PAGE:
Tuesday, 25 February 2014


We purchased the floorboards for the first story:

We have been thinking about the upper storeys' flooring for a long time, and finally decided to place massive oak planks over the current conifer floorboards. We bought the boards with no finishing on them. It seems all that is fashionable at the moment is sterile whites and greys, and that will not do.

These floorboards are gorgeous and great value. I love working with wood, and have a lot of fun even though the job of finishing is a little monotonous.

A light sanding is sufficient.
Tinting the oak.

I use a very wide brush which works nicely.
I am using walnut husk dye crystals ("nogalina" in Spanish and "beits walnoot" in Dutch) from which I make my own dye, mixing it with water (I am using distilled water to avoid surprises, unlikely, but who knows), until I get the intensity I want. 

I don't remember where I first learned of this, at art school perhaps. It is an ancient product that has been used to tint wood and make ink for centuries, if not millenia, so I find it a bit strange that I do not find a lot of information about it in English on the net. The crystals, which are very cheap, don't seem to be readily available, or else I do not find the right terms. This is the Spanish wikipedia, which doesn't have any links to other languages.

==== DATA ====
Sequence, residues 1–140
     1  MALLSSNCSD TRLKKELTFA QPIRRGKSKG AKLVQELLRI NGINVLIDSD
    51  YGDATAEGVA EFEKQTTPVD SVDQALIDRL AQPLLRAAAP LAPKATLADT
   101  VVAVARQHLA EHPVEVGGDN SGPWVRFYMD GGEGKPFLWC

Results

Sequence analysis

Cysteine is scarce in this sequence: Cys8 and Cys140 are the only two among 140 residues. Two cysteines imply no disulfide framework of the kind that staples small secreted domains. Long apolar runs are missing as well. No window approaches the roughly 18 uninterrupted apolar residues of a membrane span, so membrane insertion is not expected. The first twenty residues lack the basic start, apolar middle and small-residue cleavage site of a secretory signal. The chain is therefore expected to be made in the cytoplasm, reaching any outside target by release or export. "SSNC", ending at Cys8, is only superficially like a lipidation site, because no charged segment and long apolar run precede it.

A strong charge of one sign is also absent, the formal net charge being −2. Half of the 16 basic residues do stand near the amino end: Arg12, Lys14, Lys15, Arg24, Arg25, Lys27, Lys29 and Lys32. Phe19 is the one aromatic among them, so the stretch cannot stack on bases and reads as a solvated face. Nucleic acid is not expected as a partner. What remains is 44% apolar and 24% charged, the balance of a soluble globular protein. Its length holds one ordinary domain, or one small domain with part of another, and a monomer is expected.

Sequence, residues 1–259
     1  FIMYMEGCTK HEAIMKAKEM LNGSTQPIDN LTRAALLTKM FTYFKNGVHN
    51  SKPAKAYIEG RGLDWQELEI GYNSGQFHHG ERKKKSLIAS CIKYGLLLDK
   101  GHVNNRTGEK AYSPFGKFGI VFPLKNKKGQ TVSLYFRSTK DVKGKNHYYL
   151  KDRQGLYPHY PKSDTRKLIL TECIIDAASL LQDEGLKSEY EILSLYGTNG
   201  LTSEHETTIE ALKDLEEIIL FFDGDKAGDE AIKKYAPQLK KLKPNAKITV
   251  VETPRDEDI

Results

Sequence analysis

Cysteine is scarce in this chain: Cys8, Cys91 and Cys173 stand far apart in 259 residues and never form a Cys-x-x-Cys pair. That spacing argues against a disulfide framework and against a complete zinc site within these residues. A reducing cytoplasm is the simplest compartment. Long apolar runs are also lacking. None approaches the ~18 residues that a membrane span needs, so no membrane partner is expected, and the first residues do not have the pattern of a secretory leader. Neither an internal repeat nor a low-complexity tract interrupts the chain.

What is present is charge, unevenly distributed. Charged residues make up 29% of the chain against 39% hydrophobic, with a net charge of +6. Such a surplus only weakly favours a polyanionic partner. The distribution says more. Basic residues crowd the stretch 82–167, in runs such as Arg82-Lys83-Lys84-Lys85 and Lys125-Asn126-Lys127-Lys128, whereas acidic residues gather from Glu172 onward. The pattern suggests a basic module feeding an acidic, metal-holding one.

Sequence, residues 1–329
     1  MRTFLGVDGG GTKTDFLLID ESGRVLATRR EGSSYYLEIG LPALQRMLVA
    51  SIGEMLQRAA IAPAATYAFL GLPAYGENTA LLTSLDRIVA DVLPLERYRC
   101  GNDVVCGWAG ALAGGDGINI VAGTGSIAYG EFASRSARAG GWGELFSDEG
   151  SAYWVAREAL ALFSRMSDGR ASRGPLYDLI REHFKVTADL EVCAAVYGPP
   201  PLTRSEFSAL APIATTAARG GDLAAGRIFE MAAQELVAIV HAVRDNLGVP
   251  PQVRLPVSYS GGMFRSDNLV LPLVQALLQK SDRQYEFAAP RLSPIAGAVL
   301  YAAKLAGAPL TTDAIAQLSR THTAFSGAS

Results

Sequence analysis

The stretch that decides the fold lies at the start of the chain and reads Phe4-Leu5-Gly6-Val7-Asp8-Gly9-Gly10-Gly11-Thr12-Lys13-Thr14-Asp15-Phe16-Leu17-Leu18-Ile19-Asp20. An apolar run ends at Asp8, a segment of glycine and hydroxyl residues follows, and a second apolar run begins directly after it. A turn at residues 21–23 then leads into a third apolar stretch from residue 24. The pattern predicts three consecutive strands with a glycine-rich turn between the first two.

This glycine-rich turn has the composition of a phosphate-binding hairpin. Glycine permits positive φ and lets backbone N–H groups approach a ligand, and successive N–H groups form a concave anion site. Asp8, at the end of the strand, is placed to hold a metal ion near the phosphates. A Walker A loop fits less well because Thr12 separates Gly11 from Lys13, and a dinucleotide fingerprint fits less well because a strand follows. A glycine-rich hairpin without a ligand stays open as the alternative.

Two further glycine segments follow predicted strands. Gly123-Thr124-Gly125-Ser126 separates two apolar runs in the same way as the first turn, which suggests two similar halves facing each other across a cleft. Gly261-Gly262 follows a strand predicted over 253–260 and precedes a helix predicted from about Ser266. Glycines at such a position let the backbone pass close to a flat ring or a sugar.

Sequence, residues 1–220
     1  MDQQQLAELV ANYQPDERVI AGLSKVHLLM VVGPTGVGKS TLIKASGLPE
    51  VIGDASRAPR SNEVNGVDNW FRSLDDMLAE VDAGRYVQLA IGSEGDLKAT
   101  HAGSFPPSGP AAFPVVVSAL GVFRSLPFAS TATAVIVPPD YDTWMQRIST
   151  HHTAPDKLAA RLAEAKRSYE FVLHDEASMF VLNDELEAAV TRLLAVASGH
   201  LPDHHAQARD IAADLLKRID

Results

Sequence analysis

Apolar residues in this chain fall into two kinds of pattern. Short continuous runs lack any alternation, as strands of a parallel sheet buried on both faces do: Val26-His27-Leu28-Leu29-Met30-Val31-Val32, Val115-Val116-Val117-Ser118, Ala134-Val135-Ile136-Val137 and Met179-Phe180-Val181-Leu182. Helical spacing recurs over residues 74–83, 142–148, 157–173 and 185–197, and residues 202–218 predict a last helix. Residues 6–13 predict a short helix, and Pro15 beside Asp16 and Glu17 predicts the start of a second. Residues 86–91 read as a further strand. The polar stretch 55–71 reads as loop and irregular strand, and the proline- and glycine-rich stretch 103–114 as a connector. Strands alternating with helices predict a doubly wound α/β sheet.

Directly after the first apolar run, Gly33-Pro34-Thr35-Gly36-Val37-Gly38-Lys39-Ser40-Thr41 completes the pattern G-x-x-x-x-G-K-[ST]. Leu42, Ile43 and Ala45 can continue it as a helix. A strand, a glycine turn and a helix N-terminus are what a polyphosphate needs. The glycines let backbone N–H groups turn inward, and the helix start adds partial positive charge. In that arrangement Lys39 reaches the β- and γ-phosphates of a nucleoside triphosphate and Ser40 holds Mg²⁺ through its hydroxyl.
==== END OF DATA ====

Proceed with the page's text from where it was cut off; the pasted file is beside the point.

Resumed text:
I am very glad I could find this in the local drugstore here in Belgium as easily as in Spain. I am pretty sure it was used to colour all of the antique oak furniture I have to a slightly darker and warmer tone. It also goes nicely with our windows. In my opinion it produces the most gorgeous shades.

A batch of tinted floorboards.

Comparing the original and the dyed boards.

A little bit of water shows the colour closer to what the finish will be.
After tinting the switch covers, beech wood, which takes dye badly, it is such a pleasure to work with oak.
Beech is always difficult, but I wonder if I should have given up on propietary dyes and tints and give a go to this natural walnut dye. I know I still had difficulty with it when I dyed my beech workshop desk, though, so perhaps not...

I intensely dislike polyurethane varnishes, so I am testing a waterproof oil finishing treatment. We will place floorboards in the bathroom as well, so I hope it works nicely.

I think the wood is perhaps still too porous after the dye, so I will perhaps seal it a little with shellac. I have to think about it.